It had a tone of fun and amusement but there was also an air of elegance to the stores and so we had to dress up to shop there. Not quite wearing our crinolines, but no shorts or pants were permitted. We always parked in the rear of Hochschild’s because it was shady in the summertime and rarely congested like the front lots were. The escalator ride to the second floor toy department was a joyful ascent. They had the Tiny Tears doll that I coveted in 1957 and I would often visit her and dream of being her nurse. The Tommy Tucker Five and Dime was another favorite spot for children. They had all kinds of toys and novelties that were affordable for just about everyone. I wonder how many paddle-ball sets they sold in one year? Near Tommy Tucker there was a snazzy French restaurant called Mischanton’s where my school classmates would meet for Saturday lunch when we were old enough to dine without our parents. It had the hustle - bustle atmosphere of a Parisian Brasserie.
At the other end of the stretch, in front of Hess Shoe Store, were the mechanical horses one could ride for five cents. If you yanked back on the reins, the horse would go faster. Of course just about everyone remembers Hess Monkey Town. I have written about it here before and so will include a link to that.click on the painting of "Hess Monkey Town" to read more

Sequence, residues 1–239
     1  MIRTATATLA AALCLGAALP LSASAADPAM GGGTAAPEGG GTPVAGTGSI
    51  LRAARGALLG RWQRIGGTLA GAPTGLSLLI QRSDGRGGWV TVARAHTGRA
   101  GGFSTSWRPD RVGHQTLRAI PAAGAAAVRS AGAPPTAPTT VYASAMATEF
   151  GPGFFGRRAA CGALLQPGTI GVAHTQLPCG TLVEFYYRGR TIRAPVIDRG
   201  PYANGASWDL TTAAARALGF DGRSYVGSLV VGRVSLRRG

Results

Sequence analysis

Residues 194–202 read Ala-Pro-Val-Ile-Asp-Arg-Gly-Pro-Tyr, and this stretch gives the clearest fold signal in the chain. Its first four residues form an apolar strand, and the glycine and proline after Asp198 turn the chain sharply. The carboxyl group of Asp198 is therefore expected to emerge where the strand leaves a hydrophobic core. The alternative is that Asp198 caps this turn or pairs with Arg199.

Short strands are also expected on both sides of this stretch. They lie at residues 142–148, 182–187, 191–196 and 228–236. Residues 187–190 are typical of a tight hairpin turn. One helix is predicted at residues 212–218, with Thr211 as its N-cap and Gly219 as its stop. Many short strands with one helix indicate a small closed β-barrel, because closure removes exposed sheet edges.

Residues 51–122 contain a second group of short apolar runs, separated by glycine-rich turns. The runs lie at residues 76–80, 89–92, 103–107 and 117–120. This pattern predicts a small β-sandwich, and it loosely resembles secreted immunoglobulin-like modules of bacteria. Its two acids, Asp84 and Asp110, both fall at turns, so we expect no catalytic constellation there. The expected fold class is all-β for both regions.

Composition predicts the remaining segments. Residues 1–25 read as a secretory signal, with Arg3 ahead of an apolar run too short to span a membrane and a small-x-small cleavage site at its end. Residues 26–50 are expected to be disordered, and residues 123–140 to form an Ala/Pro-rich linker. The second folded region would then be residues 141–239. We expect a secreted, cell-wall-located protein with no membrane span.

And of course the gorgeous movie theatre was where we saw so many first run Disney films among others. There were many merchants displaying their wares and clothing. Some of them included Gammerman’s, Whalen’s, Food Fair, Reamer’s and many more that I need help remembering.
Christmastime at Edmondson Village was almost indescribably special. Every year on Thanksgiving night they would throw the switch to power lights strung across the rooftops and over the trees that grew near the brick wall by the busy Edmondson Avenue. Santa, as I recall, was driving his reindeer on the roof of Hochschild’s. What a splendid sight for everyone to see. It brought gawkers from everywhere in the Baltimore metropolitan area. The shopping center changed with the times. There was unbridled blockbusting which undermined the area beginning in the 1950’s. W. Edward Orser has written an excellent account of the history of the area his book “Blockbusting in Baltimore: The Edmondson Village Story."